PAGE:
The U.S. Government Accountability Office has released a report titled, “CHINA Efforts Underway to Address Technology Transfer Risk at U.S. Universities, but ICE Could Improve Related Data,” concerning recommendations to better track visiting scholars, students and researchers from outside the United States. The published report is incomplete because some of it has been deemed too sensitive to disclose. Notably, the published report points to a failure of law enforcement agencies, including Immigration, Customs and Enforcement (ICE), to track certain relevant data concerning the risk that unlawful technology transfer may occur involving federally funded university research. The report is available, here, and states, in part:
According to federal internal control standards, management should use quality information that is, among other things, complete and accurate to achieve the entity’s objectives, and process relevant data into quality information within the entity’s information system. The U.S. government has identified research in sensitive fields, facilities and locations of expected work, and employment and employment history as potential risk factors for the transfer of technology. Improving the completeness of employer information in SEVIS could enhance ICE’s management of the OPT program and provide the U.S. government with more information on who is employing foreign students and, therefore, whether certain individuals may have access to technology.
Since 2016, oversight bodies at the five U.S. grant-making agencies in our review—NIH, NSF, NASA, DOD, and DOE—have investigated an increased number of researchers for potential violations related to the security of federally funded research at U.S. universities, according to agency data. These include grant fraud and compliance violations related to failures to disclose potential sources of foreign influence on researchers, such as other support for individual research endeavors, significant financial interests, or other conflicts of interest. These investigations have often involved undisclosed affiliations with the PRC, such as receiving PRC research funding. However, agency officials emphasized that decisions made to initiate an investigation or during the course of an investigation are not based on individual characteristics such as nationality or visa status, which is information that none of the five agencies in our review consistently collect. Agency data indicate that investigations have resulted in agency and university actions to address research security risks related to foreign influence. However, little information is available about civil and criminal cases related to potential transfer of university research because DOJ does not systematically track all cases specific to U.S. universities or federal grant funding. Further, officials from grant-making and law enforcement agencies we spoke with noted that it is challenging to assess the more general extent and negative impact of technology transfers to foreign countries. Amid agency efforts to address this type of national security threat, university faculty, officials from university and Asian and Asian-American associations, and others have highlighted the importance of balancing protection of federally funded research against potential adverse effects of these efforts. . . .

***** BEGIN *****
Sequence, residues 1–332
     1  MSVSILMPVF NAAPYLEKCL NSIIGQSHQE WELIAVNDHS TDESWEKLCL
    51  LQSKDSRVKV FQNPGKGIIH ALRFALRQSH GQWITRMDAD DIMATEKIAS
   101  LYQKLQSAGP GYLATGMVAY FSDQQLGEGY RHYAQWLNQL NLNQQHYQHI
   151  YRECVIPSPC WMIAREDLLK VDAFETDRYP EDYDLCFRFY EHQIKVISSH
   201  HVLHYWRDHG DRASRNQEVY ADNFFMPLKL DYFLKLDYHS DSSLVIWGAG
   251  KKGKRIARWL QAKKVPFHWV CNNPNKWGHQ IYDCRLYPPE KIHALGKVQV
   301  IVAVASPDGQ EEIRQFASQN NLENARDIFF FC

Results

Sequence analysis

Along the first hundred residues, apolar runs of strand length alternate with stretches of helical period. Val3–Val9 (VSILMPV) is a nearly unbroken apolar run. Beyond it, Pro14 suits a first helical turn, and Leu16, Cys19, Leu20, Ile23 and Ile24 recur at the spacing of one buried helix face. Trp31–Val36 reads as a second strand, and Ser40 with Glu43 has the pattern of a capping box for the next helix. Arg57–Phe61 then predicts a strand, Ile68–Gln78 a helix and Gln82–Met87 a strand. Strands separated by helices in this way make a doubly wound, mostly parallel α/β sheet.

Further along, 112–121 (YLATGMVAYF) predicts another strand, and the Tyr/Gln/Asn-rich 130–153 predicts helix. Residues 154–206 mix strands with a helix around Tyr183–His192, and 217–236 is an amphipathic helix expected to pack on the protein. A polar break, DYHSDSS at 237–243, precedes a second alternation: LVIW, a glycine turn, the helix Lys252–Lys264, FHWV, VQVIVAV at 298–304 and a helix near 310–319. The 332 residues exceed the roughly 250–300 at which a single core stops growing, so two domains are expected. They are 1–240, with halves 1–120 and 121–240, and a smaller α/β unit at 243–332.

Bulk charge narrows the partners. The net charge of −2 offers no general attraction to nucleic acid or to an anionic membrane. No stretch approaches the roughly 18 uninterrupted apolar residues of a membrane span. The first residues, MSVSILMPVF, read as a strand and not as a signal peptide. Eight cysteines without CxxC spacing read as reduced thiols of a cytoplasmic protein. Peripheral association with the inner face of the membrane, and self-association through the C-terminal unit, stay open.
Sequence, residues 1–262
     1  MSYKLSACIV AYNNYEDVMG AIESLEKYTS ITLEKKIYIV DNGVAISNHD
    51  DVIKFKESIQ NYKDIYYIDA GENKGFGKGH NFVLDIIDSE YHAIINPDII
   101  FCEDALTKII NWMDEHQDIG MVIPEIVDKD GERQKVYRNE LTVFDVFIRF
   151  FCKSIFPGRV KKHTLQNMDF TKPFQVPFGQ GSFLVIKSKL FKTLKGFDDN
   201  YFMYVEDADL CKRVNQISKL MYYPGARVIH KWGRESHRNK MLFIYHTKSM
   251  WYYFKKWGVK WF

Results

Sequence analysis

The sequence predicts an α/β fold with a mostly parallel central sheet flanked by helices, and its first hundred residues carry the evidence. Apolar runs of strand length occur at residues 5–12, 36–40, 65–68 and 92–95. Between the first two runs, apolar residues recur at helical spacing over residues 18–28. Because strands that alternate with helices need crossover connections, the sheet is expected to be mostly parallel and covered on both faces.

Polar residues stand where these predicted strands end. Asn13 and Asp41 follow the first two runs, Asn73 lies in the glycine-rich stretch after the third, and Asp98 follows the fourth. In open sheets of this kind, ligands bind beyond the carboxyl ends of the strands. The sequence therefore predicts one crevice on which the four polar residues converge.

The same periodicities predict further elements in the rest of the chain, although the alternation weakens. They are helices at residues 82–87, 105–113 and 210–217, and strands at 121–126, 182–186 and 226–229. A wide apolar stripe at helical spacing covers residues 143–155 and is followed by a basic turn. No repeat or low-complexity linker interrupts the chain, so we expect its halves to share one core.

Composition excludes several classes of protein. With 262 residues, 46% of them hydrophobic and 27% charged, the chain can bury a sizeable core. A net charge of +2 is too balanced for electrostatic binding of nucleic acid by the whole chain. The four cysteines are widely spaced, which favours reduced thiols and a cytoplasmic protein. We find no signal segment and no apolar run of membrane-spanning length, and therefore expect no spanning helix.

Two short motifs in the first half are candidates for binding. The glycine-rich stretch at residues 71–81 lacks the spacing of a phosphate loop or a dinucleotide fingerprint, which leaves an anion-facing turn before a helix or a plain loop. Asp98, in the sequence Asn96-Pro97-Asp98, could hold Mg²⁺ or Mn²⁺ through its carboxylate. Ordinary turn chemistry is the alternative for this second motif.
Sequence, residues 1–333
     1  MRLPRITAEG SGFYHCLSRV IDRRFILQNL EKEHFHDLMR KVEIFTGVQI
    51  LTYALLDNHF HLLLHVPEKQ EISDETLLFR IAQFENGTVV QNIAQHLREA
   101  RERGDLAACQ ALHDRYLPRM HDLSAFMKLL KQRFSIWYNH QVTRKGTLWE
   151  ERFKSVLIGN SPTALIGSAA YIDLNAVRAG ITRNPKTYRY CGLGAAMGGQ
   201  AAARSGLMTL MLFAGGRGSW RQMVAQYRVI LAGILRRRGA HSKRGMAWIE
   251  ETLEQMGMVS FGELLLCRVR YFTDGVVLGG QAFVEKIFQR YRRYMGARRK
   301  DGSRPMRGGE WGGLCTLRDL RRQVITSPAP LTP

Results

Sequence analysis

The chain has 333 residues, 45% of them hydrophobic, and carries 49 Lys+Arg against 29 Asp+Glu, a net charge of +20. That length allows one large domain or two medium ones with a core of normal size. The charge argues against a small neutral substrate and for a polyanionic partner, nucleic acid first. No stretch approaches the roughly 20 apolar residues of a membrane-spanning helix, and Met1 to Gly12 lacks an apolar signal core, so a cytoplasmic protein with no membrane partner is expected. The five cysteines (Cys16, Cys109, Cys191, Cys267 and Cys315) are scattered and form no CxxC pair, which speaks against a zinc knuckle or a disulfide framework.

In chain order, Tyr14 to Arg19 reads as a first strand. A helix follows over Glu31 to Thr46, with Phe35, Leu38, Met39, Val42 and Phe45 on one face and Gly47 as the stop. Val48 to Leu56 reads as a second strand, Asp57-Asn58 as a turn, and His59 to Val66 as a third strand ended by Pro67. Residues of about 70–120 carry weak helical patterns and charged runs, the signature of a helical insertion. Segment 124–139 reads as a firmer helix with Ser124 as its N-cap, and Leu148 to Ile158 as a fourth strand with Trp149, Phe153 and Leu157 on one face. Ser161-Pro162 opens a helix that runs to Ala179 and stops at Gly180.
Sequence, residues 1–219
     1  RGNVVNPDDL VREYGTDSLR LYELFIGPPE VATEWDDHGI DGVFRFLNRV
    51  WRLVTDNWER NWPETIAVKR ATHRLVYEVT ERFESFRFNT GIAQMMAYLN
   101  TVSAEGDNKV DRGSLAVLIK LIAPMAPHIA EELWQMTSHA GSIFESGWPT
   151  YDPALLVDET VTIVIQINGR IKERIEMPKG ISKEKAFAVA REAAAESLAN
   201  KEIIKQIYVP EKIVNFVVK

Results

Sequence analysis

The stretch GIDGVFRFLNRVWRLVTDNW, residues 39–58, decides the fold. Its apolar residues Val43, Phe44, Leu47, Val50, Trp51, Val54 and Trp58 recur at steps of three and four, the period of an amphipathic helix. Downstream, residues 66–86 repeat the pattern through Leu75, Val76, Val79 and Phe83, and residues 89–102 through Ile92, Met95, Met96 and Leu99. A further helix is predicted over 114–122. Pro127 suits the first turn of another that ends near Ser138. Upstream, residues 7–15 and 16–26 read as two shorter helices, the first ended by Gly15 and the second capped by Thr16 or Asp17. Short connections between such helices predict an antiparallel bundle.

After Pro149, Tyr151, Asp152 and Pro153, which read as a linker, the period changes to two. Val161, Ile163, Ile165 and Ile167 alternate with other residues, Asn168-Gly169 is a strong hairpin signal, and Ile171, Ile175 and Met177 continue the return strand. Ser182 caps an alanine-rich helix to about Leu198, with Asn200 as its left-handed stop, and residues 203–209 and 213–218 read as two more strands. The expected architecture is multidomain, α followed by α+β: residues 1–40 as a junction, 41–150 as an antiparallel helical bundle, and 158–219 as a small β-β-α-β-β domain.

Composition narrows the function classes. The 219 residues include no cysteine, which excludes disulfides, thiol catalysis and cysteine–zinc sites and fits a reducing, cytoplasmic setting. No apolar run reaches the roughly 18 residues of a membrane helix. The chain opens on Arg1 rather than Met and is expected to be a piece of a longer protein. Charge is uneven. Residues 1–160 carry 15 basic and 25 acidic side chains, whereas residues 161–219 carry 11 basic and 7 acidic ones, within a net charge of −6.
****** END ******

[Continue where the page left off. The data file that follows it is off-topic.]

As a result of investigations initiated from 2016 through 2021, grantmaking agencies—particularly NIH, which accounted for about 73 percent of the individuals under investigation in our review—addressed a number of violations that could threaten the integrity of university research. As of October 2021, 94 percent of NIH investigations into researchers of concern had uncovered at least one compliance violation that NIH deemed serious, such as a failure to disclose foreign conflicts of interest (e.g., foreign affiliations, grant funding, or talent recruitment program participation), according to NIH data. As a result, NIH reported that at least 76 percent of individuals under investigation were no longer associated with grant-funded research or other grant-related responsibilities, primarily through resignation or actions taken by grant recipient institutions, including termination or exclusion from grant-funded research. In addition, NIH officials noted that because many of their investigations remained ongoing, they expected the number of actions taken in response to violations to rise. . . .
In this context, U.S. agencies and others have identified factors that indicate the types of foreign students or scholars who may pose a greater risk of transferring technology from U.S. universities. ICE already maintains information in its SEVIS database related to several of these factors, including country of citizenship and level of education. However, ICE has not completed a required assessment to understand whether it needs to update SEVIS to better capture information related to students and scholars who may pose a greater risk for technology transfer. Furthermore, data related to other risk factors already required in SEVIS, such as employer information, are incomplete. More complete data, and a better understanding of the information needed to identify students who present the highest risk for the potential transfer of university research, could strengthen U.S. government efforts to identify and assess risks to U.S. research and development.